Epilepsy affects tens of millions of people around the world and alongside many trials and reviews of drugs and other treatments, are studies that have tested more complex strategies. In an updated Cochrane Review from February 2016, Peter Bradley, from Public Health Wales in the UK. and colleagues look at the evidence for some of these. He tells us what they found in this podcast.
John: Epilepsy affects tens of millions of people around the world and alongside many trials and reviews of drugs and other treatments, are studies that have tested more complex strategies. In an updated Cochrane Review from February 2016, Peter Bradley, from Public Health Wales in the UK. and colleagues look at the evidence for some of these. He tells us what they found in this evidence pod.
Peter: Epilepsy is a spectrum of disorders in which an individual may experience seizures that are unpredictable in frequency. While most people can control their seizures well with medications and other treatment options, epilepsy causes problems for many, in social, school and work situations. Researchers have sometimes criticised epilepsy care for adults for its lack of impact, which has led to the development of various service models and strategies to respond to perceived inadequacies.
This is the area for our Cochrane Review. We investigated the effects of any specialised or dedicated service model or strategy for adults with epilepsy, and have found that the current evidence does not support any specific intervention type. We included 18 different studies, which considered 16 separate interventions. We classified these into seven distinct types: education on self-management; strategies to improve patient adherence to treatment; self-management through screening; alternative models of outpatient care delivery; specialist nurse practitioners; interventions designed to influence behaviour; and, finally, the use of guidelines to improve patient quality of life and quality of epilepsy care.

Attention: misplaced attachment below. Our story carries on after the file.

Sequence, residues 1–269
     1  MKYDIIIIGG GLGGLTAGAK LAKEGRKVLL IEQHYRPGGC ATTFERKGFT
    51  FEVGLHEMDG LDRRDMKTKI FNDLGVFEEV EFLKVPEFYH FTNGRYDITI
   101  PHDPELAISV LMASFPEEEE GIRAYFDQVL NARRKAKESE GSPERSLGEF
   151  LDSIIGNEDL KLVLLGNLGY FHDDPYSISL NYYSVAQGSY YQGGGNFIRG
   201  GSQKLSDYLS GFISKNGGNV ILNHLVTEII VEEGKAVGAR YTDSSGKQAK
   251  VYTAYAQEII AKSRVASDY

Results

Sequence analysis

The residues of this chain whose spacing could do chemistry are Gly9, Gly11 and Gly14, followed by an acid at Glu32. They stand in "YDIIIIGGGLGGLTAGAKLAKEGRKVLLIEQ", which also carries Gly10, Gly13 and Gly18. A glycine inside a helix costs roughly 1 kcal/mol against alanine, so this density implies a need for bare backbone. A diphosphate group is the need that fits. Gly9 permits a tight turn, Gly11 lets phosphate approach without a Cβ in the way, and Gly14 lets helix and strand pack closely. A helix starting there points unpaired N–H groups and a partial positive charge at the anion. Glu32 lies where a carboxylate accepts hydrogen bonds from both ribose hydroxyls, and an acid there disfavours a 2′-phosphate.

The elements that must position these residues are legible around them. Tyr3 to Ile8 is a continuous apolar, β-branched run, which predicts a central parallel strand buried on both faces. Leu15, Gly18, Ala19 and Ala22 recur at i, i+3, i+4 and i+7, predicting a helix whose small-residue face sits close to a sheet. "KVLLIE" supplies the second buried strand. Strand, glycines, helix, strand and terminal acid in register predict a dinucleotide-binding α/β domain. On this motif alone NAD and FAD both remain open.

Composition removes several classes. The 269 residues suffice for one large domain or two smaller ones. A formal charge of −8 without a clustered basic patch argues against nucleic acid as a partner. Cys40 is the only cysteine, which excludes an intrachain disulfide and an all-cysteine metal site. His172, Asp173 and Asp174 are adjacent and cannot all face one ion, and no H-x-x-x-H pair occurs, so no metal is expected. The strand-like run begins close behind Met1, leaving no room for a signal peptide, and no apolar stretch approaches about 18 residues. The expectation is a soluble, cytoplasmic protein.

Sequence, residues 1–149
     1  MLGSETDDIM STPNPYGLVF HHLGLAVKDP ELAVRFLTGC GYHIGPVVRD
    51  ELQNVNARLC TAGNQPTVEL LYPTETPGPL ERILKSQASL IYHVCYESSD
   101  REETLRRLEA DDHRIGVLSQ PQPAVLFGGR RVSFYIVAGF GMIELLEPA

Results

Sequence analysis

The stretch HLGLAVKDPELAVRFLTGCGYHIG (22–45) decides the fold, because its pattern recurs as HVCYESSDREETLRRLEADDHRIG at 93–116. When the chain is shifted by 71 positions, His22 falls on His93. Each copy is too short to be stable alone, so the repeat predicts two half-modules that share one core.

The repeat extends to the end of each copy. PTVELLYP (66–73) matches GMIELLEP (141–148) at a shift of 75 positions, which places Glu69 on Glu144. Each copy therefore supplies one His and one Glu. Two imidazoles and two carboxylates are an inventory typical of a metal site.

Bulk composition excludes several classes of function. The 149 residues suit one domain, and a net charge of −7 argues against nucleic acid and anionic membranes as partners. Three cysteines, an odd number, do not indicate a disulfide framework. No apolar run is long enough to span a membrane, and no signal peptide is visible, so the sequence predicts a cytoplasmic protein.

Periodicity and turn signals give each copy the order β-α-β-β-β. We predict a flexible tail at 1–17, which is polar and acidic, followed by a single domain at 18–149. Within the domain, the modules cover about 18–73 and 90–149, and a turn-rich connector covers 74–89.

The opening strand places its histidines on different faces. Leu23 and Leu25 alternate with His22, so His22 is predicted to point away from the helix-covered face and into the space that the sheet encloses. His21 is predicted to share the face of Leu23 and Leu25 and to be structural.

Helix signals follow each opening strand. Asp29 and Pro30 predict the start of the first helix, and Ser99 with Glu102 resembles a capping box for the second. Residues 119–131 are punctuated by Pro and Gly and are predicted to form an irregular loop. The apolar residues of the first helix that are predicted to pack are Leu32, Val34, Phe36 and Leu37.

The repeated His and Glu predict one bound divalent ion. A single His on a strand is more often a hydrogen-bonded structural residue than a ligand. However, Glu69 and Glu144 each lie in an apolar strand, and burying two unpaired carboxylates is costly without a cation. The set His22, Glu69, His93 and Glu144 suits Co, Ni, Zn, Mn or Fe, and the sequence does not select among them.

The interventions had varying amounts of evidence to support them. Whereas there were studies showing some benefit from education on self-management and from specialist epilepsy nurses, other intervention types did not look so promising. We also found that some of the studies were not well designed and the complexity of their interventions means that any impact is likely to vary according to where the interventions are used.
Therefore, after working carefully through all this evidence, we have reached the conclusion that it’s not currently possible to advocate for any one of these interventions to be preferred for the care of adults with epilepsy. We need the evidence base to expand through new randomised trials that, in particular, examine promising areas, such as self-management education, provide a full description of the intervention, and recruit those subgroups of patients who are most likely to benefit, including those with newly diagnosed epilepsy or with learning disabilities.
John: If you would like to find out more about the current evidence base and watch for future updates of this review, should these new trials get done, you can find it easily online at Cochrane Library dot com. Just visit the website and search 'epilepsy care delivery'.